LONDON — Russia's track and field athletes will be eligible for the Olympics only if the country falls into line with all global anti-doping rules and the reforms are verifiable, IOC President Thomas Bach said Sunday in an interview with The Associated Press.
"The important goal is not bringing them back," Bach said. "The goal has to be Russia being compliant again with all the international anti-doping regulations. That is the important thing, so that we have an even playing field for all the athletes."
Russia's athletics federation was provisionally suspended by the IAAF on Friday, just days after the country was accused of operating an extensive state-backed doping program in a report by a World Anti-Doping Agency independent panel.
The sanction means that Russia's track and field athletes — including pole vault star and two-time Olympic champion Yelena Isinbayeva — are banned indefinitely from all international competition, a punishment that could cover the 2016 Games in Rio de Janeiro.
Bach said the Russians will need to move swiftly to deliver on reforms that would clear them in time to qualify to compete in the Rio Games, which open on Aug. 5.
"The situation is compliance," he said by telephone from Lausanne, Switzerland. "If the Russian athletics federation is not compliant and the athletes cannot take part in any kind of qualifications, then the situation is clear. If you cannot qualify, you cannot participate in the Games."
Bach and the head of the Russian Olympic Committee, Alexander Zhukov, reached agreement on a roadmap for Russia to follow to become compliant with rules of the IAAF and WADA. No time frame was set.
"Russia must be very interested to have this done as soon as possible," Bach said. "They have to act swiftly because this concerns the credibility of all the efforts."
Zhukov promised to oversee an overhaul of Russia's athletics federation, anti-doping agency and national drug-testing lab, all of which were implicated in the damning report issued Monday by the WADA panel.
"This is, first of all, to make sure that all the implicated officials, coaches, doctors and so on, will be held responsible and sanctioned," Bach said. "Secondly, there will be a complete renewal and reform of the national athletics federation, and thirdly, that all the doped athletes will be punished and the clean athletes will be protected."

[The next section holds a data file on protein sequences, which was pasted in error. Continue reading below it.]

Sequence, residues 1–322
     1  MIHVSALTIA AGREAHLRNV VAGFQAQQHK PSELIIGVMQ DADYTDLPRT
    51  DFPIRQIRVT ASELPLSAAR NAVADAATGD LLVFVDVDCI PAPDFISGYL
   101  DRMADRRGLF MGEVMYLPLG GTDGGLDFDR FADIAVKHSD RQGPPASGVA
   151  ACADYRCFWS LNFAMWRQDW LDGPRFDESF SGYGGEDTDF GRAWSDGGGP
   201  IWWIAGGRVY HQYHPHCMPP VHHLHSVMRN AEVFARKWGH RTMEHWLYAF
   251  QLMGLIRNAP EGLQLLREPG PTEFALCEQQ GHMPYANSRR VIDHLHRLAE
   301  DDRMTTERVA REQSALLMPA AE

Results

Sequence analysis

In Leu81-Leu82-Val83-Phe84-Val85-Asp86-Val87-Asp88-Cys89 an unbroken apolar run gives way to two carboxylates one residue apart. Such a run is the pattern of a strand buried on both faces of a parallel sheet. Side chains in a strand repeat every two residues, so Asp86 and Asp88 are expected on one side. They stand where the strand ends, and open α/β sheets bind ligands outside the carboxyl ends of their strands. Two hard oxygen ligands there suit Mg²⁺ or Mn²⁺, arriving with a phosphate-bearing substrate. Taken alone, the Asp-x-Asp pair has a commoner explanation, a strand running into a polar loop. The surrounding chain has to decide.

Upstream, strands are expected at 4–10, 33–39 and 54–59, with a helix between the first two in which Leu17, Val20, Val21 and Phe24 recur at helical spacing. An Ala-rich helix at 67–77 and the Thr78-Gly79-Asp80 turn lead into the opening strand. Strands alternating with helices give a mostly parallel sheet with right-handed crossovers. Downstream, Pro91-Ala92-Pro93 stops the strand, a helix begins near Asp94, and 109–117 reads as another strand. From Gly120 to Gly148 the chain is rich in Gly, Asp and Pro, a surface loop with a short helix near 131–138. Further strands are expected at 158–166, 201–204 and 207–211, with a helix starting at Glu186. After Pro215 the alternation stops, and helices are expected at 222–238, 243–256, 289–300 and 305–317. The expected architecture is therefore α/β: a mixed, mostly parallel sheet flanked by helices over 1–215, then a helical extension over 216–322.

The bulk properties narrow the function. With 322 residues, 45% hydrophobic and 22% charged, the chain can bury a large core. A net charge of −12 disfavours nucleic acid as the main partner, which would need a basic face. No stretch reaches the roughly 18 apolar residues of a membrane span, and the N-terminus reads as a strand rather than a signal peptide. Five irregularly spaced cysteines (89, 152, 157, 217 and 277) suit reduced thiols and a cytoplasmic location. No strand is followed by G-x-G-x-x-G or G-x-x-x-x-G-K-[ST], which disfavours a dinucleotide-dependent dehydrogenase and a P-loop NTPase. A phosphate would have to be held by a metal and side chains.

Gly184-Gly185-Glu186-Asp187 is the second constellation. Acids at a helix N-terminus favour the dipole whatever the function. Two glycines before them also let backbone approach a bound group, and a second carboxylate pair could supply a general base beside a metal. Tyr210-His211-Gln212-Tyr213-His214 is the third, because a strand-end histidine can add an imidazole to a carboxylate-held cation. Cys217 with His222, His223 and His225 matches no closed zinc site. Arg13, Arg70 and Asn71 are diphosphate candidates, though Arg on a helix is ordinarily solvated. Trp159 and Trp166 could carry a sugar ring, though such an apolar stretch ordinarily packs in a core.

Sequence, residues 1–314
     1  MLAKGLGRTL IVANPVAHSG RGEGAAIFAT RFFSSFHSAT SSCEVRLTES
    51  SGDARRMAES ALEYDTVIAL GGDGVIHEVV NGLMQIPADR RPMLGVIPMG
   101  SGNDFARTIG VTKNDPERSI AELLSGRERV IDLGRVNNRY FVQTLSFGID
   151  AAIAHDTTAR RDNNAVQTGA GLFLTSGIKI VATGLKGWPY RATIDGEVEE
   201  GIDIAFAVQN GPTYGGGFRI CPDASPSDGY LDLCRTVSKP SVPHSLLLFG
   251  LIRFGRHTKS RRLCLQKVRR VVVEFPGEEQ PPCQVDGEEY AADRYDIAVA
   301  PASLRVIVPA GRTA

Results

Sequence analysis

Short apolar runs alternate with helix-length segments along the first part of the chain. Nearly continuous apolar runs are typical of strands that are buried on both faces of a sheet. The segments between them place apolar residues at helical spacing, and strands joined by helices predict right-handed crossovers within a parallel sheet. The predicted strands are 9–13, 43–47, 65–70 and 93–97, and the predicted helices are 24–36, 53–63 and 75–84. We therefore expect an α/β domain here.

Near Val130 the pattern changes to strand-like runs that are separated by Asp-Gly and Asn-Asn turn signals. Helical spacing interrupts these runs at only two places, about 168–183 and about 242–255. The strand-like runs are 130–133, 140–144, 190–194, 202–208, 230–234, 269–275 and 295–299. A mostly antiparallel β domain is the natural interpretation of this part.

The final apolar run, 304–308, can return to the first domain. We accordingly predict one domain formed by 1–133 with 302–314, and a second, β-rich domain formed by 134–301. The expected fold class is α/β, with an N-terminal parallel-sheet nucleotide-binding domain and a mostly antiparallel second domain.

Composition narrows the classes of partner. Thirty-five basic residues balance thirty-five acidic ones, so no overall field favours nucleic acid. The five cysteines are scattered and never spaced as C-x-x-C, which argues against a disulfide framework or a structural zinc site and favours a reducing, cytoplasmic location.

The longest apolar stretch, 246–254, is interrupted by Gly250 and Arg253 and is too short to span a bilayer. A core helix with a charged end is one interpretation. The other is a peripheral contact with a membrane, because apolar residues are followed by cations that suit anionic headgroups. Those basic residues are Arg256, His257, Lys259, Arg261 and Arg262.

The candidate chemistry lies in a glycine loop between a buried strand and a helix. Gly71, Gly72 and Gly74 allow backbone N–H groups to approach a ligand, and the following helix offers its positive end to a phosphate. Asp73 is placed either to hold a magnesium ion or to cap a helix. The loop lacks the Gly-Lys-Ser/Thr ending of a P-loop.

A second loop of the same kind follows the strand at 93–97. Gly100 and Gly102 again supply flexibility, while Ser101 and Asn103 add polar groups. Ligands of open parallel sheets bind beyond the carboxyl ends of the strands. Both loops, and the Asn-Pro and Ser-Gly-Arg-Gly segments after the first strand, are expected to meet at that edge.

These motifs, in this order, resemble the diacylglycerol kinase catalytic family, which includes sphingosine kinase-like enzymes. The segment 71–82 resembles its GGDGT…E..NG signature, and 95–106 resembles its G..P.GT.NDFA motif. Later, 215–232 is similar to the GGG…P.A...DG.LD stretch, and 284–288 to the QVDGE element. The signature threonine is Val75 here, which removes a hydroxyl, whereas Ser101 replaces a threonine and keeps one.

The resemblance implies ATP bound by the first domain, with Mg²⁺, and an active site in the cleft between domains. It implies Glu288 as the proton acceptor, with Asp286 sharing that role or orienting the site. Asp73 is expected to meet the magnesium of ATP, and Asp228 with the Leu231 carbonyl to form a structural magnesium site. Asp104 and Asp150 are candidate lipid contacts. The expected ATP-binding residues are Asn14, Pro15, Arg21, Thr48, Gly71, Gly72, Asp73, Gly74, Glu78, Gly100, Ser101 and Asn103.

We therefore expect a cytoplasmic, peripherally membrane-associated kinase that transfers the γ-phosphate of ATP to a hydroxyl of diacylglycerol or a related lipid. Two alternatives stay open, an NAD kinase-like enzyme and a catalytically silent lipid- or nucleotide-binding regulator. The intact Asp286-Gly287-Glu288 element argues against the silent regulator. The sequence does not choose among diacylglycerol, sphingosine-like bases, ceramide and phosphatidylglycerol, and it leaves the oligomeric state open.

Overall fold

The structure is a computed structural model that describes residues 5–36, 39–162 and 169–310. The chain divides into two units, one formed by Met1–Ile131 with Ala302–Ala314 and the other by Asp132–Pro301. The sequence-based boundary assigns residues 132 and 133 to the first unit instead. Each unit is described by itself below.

In addition, Russia's anti-doping lab — which has been stripped of its accreditation by WADA — and the anti-doping agency — declared non-compliant by a WADA committee — must become compliant again.
"This compliance is the condition to take part in the Olympic Games," Bach said. "This compliance requires verification."
Bach said it will fall to the IAAF and WADA to rule whether the Russians are compliant. Only then would Olympic entries be accepted by the IOC.
Russia's athletics federation said Sunday it is setting up committees to investigate the doping allegations and prepare a reform package as part of what acting federation president Vadim Zelichenok called an "anti-crisis plan."
The move comes after Russian President Vladimir Putin ordered the Sports Ministry to conduct an internal investigation.
Zelichenok said more domestic competitions will be launched this winter to replace the international events that Russian athletes are now barred from.
Richard McLaren, one of three members of the WADA panel that produced the report on Russia, told Australian Broadcasting Corp. radio on Sunday that the IAAF itself could potentially be found non-compliant in the second phase of the report.
Former IAAF President Lamine Diack and the IAAF's former anti-doping manager are under criminal investigation in France on charges of corruption relating to doping cover-ups.
Finding the IAAF non-compliant with doping rules could mean the entire sport of track and field being cast out of the Olympics.
"I hear this for the first time," Bach said of McLaren's comments. "For me, this is pure speculation at this point."
Bach also downplayed a suggestion by Isinbayeva's coach, Evgeny Trofimov, that Russians could compete in Rio as independent athletes under the IOC flag. A similar measure was used at last year's Winter Olympics for Indian athletes after their national Olympic committee was suspended for government interference.
"This is mere speculation," Bach said. "I cannot see this situation at the moment."
Bach offered his full backing to IAAF President Sebastian Coe, who has faced criticism for contending he was not aware of the Russian doping situation when he was a vice president under Diack.
"I think with the decision on Friday night Sebastian Coe has shown good leadership," Bach said. "I always had confidence in him and I have confidence in him."
On a separate issue, Bach said he was confident that Brazilian authorities could protect the games in Rio in the wake of the deadly terrorist attacks in Paris.
"We have confidence in the Brazilian authorities and in the international cooperation of their security agencies," Bach said. "I'm sure all these international services will make all efforts to protect the Olympic Games from these kinds of terrorist attacks."
Security will be among the issues discussed when IOC officials travel to Rio in the coming days for their latest "project review" of Olympic preparations, Bach added.
AP Sports Writer James Ellingworth in Moscow contributed.